Preimplantation genetic screening for abnormal number of chromosomes (aneuploidies) in in vitro fertilisation or intracytoplasmic sperm injection Edited (no change to conclusions)

Abstract

Abstract Background

In both IVF and ICSI, selection of the most competent embryos for transfer is based on morphological criteria. However, many women fail to achieve a pregnancy even after 'good quality' embryo transfer. One of the presumed causes is that such embryos show an abnormal number of chromosomes (aneuploidies). In preimplantation genetic screening (PGS), only euploid embryos are transferred, with the goal of increasing live birth rates.

Objectives

To assess the effectiveness of PGS in terms of live birth in women undergoing an IVF or ICSI treatment.

Search methods

In this updated review, the Cochrane Menstrual Disorders and Subfertility Group Trials Register, CENTRAL, MEDLINE and EMBASE were searched to July 2010. This was supported by checking reference lists of included studies and conference abstract books. Authors were contacted for additional data when necessary.

Selection criteria

Only randomised controlled trials were selected. They were eligible for inclusion if they compared IVF/ICSI with PGS versus IVF/ICSI without PGS.

Data collection and analysis

Relevant data were extracted independently by two reviewers. Trials were screened and analysed according to predetermined quality criteria and disagreements were resolved by a third reviewer. The primary outcome measure was live birth rate per woman. Secondary outcomes were the proportion of women reaching embryo transfer, mean number of embryos transferred, clinical pregnancy rate, multiple pregnancy rate, miscarriage rate, ongoing pregnancy rate, and proportion of women whose child has a congenital malformation.

Main results

Nine trials met the inclusion criteria. Live birth rate per woman was significantly lower after IVF/ICSI with PGS compared to IVF/ICSI without PGS in women of advanced maternal age and in women with repeated IVF failure (OR 0.59; 95% CI 0.44 to 0.81 and OR 0.41, 95% CI 0.20 to 0.88 respectively). In good prognosis patients a similar trend was seen, albeit not significant (OR 0.50, 95% CI 0.20 to 1.26, random effects model).

Authors' conclusions

PGS as currently performed significantly decreases live birth rates in women of advanced maternal age and those with repeated IVF failure. Trials in which PGS was offered to women with a good prognosis suggested similar outcomes. PGS technique development is still ongoing in an effort to increase its efficacy. This involves biopsy at other stages of development (polar body or trophectoderm biopsy) and other methods of analysis (comparative genome hybridisation (CGH) or array‐based technologies) than used by the trials included in this review. These new developments should be properly evaluated before their routine clinical application. Until such trials have been performed, PGS should not be offered as routine patient care in any form.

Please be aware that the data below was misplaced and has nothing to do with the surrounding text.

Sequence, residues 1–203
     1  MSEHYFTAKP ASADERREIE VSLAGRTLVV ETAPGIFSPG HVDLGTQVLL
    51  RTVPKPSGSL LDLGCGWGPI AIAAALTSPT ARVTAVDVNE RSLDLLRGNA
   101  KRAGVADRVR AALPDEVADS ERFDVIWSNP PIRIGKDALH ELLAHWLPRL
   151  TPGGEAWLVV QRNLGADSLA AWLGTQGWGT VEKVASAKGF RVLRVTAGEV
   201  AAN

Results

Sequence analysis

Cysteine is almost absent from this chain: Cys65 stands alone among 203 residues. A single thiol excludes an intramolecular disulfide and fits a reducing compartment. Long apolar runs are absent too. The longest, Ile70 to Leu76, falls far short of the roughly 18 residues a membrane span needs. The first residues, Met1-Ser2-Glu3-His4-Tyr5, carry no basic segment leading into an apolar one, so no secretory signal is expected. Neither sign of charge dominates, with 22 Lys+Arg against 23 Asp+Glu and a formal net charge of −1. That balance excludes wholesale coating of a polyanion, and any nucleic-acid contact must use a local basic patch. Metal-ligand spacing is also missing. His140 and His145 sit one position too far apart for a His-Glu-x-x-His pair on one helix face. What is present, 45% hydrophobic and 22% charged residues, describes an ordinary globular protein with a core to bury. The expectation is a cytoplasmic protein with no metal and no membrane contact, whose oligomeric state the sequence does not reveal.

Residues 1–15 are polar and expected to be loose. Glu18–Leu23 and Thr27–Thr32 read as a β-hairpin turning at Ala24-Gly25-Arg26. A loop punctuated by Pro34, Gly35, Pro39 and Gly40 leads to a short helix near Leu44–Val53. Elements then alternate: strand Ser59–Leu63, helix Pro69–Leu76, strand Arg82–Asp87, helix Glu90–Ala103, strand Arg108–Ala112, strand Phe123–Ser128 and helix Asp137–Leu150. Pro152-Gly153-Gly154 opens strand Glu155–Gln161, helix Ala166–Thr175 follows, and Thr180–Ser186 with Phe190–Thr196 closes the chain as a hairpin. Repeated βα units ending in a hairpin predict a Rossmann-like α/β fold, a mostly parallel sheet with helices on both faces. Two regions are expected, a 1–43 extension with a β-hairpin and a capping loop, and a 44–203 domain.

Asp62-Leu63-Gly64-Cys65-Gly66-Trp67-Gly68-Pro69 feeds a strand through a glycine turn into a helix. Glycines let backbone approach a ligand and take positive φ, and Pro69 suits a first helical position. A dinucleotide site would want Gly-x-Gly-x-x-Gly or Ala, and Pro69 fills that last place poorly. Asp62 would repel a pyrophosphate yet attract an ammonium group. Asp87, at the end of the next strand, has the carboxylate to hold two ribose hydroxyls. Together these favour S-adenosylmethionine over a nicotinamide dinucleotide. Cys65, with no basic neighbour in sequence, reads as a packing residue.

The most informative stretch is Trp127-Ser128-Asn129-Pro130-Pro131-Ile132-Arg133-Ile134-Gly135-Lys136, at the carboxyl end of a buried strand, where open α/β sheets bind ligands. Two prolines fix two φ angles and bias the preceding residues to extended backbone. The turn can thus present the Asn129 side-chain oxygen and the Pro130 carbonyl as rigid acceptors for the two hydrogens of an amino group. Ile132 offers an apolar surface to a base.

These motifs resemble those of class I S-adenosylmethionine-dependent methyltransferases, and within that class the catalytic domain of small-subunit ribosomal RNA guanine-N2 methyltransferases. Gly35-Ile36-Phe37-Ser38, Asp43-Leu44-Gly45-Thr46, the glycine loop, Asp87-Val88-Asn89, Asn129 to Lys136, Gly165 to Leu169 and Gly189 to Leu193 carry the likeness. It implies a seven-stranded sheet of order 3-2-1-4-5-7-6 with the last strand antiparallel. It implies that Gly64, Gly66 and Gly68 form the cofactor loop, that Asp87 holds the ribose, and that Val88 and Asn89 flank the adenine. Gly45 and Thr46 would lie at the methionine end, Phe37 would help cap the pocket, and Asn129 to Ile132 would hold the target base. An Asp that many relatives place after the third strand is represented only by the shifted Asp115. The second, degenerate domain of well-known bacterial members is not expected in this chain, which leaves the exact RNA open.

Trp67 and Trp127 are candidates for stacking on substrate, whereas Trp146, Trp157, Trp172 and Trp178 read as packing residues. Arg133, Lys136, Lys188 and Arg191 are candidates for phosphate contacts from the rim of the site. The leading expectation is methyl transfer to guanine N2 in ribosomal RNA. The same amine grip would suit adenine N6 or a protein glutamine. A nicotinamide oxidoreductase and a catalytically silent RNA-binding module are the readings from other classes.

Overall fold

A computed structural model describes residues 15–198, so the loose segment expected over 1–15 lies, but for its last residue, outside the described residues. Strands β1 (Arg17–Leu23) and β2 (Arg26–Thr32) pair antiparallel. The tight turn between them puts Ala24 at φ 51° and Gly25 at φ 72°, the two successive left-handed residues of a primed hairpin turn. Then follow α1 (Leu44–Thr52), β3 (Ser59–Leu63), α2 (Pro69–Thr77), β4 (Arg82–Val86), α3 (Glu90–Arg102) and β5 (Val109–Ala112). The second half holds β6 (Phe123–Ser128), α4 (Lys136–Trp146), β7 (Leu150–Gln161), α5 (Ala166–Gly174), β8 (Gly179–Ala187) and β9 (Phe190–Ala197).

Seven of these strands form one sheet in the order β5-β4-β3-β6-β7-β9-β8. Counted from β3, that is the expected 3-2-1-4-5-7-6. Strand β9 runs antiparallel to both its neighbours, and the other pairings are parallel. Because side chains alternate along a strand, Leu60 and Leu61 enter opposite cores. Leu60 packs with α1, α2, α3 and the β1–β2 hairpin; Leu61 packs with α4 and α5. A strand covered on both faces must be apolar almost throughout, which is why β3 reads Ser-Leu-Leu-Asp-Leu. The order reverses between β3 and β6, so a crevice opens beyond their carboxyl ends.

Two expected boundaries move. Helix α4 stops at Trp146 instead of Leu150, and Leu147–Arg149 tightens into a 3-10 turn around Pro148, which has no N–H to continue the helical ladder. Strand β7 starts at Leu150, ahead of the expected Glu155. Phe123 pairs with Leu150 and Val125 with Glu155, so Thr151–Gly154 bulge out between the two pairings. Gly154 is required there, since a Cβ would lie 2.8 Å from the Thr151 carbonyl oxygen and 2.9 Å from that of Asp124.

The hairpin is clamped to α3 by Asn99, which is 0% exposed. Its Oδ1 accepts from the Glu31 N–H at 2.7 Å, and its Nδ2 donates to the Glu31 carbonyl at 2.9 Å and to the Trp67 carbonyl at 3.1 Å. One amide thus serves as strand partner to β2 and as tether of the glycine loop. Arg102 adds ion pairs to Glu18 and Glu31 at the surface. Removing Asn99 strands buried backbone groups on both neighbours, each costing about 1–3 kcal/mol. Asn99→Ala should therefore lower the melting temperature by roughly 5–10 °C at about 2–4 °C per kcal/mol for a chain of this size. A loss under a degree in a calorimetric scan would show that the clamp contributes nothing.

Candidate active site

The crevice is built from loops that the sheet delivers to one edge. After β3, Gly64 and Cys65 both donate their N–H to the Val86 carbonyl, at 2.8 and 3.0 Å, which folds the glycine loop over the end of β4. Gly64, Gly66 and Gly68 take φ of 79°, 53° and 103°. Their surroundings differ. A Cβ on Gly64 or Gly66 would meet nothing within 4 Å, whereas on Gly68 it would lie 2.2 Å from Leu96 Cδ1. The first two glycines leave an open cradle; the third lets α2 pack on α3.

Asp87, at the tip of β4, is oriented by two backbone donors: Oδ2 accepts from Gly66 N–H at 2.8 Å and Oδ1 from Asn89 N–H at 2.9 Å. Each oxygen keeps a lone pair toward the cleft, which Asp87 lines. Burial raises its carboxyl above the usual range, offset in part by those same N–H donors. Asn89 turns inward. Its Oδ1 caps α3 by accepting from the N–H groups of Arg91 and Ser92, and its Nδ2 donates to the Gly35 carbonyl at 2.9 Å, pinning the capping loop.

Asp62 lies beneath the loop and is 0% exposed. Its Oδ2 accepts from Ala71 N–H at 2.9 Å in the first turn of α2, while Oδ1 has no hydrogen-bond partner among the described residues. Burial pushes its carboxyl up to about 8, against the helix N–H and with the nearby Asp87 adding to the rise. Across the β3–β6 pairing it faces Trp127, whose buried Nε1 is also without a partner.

Author(s)

Moniek Twisk, Sebastiaan Mastenbroek, Madelon van Wely, Maas Jan Heineman, Fulco Van der Veen, Sjoerd Repping

Abstract

Plain language summary

Preimplantation genetic screening (PGS) for abnormal number of chromosomes in assisted reproduction.

In IVF and ICSI embryos are selected for transfer on the basis of morphological criteria. Unfortunately, many women fail to become pregnant after an IVF or ICSI treatment. A reason for this could be that the number of chromosomes present in the embryos selected for transfer is abnormal, even though they are 'of good quality'. Preimplantation genetic screening (PGS) is a technique used to identify the number of chromosomes present in embryos created through IVF or ICSI. After PGS, only embryos with a normal number of chromosomes for the chromosomes tested are transferred. PGS has been suggested to improve live birth rates. This review shows that PGS in fact decreases live birth rates in women of advanced maternal age and in women with repeated IVF failure. PGS should not be applied in routine patient care. New forms of PGS that perform the procedure at other stages of development and/or use a different method of analysis should first be evaluated in clinical trials before being introduced into clinical practice.

Author(s)

Moniek Twisk, Sebastiaan Mastenbroek, Madelon van Wely, Maas Jan Heineman, Fulco Van der Veen, Sjoerd Repping

Reviewer's Conclusions

Authors' conclusions

Implications for practice

This analysis shows that PGS significantly decreases live birth rates in women of advanced maternal age and in women with repeated IVF failure. Trials in good prognosis patients suggested similar outcomes. PGS should not be used in routine clinical practice.

Implications for research

There are efforts to modify the PGS procedure to increase its efficacy. This involves biopsy at other stages of development (polar body or blastocyst stage) and other methods of analysis (comparative genome hybridisation or array‐based technologies) than used by the trials included in our review. Considering the outcomes of our review, these new developments should properly be evaluated before their routine clinical application. This involves method assessment studies, pilot‐studies showing a potential benefit in terms of live birth per woman, followed by randomised controlled trials.

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